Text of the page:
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originally posted by: SummerRain
originally posted by: Peeple
a reply to: neoholographic
What? "...the universe is fine tuned for life to exist"?
Since when? The universe is full of all kinds of radiation, flying rocks, small dust particles so fast they put a hole in the strongest materials, explosions everywhere, ....
Earth is fine tuned for life. That much is true. But take away the Moon and the magnetic core and you get a wobbling rock without seasons and atmosphere.
How many planets have we found with magnetic core and a moon, or something similar that keeps the axis stable?
None. If you don't mind me answering my own question.
From the fires of chaos, emits an eternal spark. life. human. the vagrant virus that consumes all.
originally posted by: neutronflux
a reply to: Azureblue
What about the obsession of thinking finding life on another plant rules out there is a spiritual/higher plain of existence that is more spiritual in the context of lack of physical body than a material existence?
I what to be more defined by my spirit than my biological functions?
Talk about being closed minded to different forms of existence and what dimensions it can habitat.
Aliens almost certainly exist but humans should avoid making contact, Professor Stephen Hawking has warned.
Prof Hawking said: "To my mathematical brain, the numbers alone make thinking about aliens perfectly rational.
"The real challenge is to work out what aliens might actually be like."
But many current theories suggest that dark energy should be much more plentiful than this across the multiverse. Most universes should have an abundance of dark energy that is around a million, billion, billion, billion, billion, billion, billion times larger than in our universe. But if dark energy were this abundant, the universe would rip itself apart before gravity could bring together matter to form galaxies, stars, planets or people.
While our universe has a strangely low value of dark energy, it is this low value that makes our universe hospitable to life. The multiverse theory can help us explain why it is so low—there will always be some universes with unlikely values in an infinite multiverse.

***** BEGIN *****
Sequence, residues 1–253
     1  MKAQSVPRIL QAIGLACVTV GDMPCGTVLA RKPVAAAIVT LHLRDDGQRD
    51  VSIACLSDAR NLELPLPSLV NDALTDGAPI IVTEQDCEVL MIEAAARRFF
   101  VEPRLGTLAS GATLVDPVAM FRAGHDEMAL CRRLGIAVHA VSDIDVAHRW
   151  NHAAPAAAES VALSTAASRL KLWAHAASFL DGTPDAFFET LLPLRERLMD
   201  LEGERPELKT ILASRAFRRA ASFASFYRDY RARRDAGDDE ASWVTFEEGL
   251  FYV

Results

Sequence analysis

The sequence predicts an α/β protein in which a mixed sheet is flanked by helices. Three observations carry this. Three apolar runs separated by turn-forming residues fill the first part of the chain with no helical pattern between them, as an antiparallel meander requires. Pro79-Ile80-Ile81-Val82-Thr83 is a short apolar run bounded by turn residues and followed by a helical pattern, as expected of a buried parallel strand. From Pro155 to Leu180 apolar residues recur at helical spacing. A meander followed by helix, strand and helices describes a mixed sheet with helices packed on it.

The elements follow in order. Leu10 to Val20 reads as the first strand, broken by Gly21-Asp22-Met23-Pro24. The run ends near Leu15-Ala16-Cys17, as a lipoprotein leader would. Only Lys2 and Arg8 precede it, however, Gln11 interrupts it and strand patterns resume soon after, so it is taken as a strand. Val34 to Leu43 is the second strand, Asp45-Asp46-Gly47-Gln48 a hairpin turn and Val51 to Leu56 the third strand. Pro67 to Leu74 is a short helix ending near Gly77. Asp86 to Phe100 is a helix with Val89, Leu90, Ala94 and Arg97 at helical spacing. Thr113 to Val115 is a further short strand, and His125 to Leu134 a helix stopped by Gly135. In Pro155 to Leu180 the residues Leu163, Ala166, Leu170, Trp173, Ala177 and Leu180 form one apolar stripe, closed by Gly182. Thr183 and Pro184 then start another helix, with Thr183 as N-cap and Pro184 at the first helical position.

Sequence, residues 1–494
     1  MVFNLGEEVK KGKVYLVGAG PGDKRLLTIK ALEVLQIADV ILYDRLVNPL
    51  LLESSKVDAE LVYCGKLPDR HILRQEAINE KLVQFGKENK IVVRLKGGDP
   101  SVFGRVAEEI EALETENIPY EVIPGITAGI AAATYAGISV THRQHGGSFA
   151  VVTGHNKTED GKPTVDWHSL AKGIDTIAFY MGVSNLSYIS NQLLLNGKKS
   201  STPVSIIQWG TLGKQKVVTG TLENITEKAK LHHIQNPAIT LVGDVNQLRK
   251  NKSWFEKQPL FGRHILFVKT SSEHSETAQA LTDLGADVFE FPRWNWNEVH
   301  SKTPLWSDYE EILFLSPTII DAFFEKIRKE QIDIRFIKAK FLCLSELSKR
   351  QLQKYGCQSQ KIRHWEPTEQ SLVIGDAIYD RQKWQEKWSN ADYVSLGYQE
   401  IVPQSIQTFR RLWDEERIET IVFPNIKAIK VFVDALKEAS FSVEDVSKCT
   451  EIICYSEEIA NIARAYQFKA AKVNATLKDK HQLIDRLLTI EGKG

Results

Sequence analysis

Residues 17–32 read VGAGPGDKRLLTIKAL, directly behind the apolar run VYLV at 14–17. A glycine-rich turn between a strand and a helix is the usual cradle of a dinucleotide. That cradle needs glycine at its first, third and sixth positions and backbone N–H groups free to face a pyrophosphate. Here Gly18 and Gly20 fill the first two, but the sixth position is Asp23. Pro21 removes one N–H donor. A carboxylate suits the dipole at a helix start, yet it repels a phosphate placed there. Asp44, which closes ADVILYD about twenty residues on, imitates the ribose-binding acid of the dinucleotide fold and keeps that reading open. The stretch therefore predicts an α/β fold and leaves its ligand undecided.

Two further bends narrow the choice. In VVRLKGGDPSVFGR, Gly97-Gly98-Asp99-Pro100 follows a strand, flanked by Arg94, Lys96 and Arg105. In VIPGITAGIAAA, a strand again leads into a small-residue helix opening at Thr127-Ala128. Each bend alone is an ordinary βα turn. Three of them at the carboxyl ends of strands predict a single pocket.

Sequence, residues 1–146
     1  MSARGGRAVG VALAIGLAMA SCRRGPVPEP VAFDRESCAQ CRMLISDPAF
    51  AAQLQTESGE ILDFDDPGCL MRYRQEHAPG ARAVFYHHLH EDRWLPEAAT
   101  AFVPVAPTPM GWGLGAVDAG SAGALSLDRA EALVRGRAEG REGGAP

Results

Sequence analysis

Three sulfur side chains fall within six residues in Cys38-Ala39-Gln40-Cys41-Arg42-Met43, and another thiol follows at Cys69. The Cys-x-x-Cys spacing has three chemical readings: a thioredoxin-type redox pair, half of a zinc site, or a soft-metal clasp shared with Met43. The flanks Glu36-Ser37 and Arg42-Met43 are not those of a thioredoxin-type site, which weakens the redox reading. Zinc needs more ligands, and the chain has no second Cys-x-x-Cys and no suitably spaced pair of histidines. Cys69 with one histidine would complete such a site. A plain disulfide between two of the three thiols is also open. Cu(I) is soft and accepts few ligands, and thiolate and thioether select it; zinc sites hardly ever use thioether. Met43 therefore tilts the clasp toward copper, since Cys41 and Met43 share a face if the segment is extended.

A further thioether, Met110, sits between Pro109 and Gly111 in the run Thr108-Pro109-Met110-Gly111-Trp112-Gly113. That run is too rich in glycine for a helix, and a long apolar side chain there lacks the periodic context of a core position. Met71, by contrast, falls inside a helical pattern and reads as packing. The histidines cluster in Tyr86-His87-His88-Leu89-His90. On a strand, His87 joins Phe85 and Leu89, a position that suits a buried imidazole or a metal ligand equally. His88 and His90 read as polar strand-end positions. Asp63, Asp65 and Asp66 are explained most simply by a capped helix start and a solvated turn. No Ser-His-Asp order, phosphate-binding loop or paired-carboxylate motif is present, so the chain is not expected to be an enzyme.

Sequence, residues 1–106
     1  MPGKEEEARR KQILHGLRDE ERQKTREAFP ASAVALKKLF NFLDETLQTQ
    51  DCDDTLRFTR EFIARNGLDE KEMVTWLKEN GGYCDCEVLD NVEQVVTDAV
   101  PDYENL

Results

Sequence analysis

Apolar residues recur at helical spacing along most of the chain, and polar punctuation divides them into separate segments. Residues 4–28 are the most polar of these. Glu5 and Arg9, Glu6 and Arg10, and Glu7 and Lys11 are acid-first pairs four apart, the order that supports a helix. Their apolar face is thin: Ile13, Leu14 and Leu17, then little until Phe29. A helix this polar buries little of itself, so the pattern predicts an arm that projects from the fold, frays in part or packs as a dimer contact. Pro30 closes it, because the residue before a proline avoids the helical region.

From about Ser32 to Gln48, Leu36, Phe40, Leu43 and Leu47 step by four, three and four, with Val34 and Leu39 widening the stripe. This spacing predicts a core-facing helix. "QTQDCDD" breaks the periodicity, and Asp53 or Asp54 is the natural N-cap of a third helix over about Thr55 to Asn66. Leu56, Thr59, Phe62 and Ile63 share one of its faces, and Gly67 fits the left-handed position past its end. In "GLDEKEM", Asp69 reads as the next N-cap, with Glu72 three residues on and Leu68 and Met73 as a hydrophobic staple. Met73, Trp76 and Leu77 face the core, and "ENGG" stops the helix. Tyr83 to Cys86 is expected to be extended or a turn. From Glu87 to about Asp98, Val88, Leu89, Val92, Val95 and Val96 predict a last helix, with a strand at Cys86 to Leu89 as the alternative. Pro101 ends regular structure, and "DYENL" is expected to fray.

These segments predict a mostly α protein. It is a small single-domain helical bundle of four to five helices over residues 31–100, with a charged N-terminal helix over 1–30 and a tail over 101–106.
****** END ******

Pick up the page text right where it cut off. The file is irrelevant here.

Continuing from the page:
Our computer model of the universe, the EAGLE project, has been successful at explaining the observed properties of galaxies in our universe. The simulations take the laws of physics and follow the formation of stars and galaxies as the universe expands after the Big Bang. The galaxies that emerge in our model look remarkably like those seen in the night sky through telescopes.
To our surprise, however, we discovered that baby universes with ten or even 100 times more abundant dark energy (compared to our own) produce almost as many stars and planets as our own universe. That means our own universe does not have a value of dark energy that is close to the maximum for life to exist. The effects of gravity are much more robust than we had previously thought. Life, it seems, would be rather common throughout the multiverse, perhaps a million, billion, billion, billion, billion more common that we previously thought.
We are forced to an uncomfortable conclusion. The value of dark energy we observe is far too unlikely for the multiverse to explain why we are here. It seems that a new physical law, or a new approach to understanding dark energy, is needed to account for the deeply puzzling properties of our universe. But the good news is that we are one step closer to cracking it.
originally posted by: KellyPrettyBear
a reply to: majickJimi
In most arcane schools "physical plane life" is considered to
be the biggest gift of all, and a rare opportunity that may
not be able to be 'fit into the schedule' for thousands of
years.. then you take a piece of crap opportunity and
do the best you can with it.
I'm not saying that I agree with that language, as it's rife
with delusion and misinformation with nearly every
word.. but I appreciate the sentiment that life should
be treated as precious.
However, the Bible says we are made in God’s image and likeness (Genesis 1:26). Man was immediately created a fully intelligent being about 6,000 years ago and was involved in craftsmanship shortly thereafter (Genesis 4:22). Since that time, even we have not been able to develop technologies advanced enough to travel to other star systems. If aliens were capable of developing incredible faster-than-light spaceships needed to get here, one would presume they must have been created with vastly superior intellect to ours—which would make them even more in God’s likeness in that sense than we are. Or, their creation is much older than the 6,000 years of the biblical six-day timeframe; the aliens were created before man and had sufficient time to develop their technologies. However, God created Earth on Day 1 and later the heavenly bodies on Day 4.
originally posted by: TrueBrit
a reply to: bluemooone2
I do not believe it would be quite as simple as that. For a start, approaching light speed in a vehicle which has mass, or carries any cargo or payload containing mass, would be unable to approach lightspeed at all.
The only way to even contemplate operating a vehicle at light speed, is if the methodology for doing so involves altering the nature of the fabric of space time around the craft, in a very similar fashion to that which was first made popular in the science fiction series, Star Trek.
originally posted by: ISeekTruth101
a reply to: neoholographic
Why is it that you can't keep an open mind to both thoughts? That we could be the only ones, or that we can't?
Because logic dictates that there simply has to be life elsewhere in the universe?
Well there isn't a shred of evidence to say so thus far, and not because we haven't visited enough planets...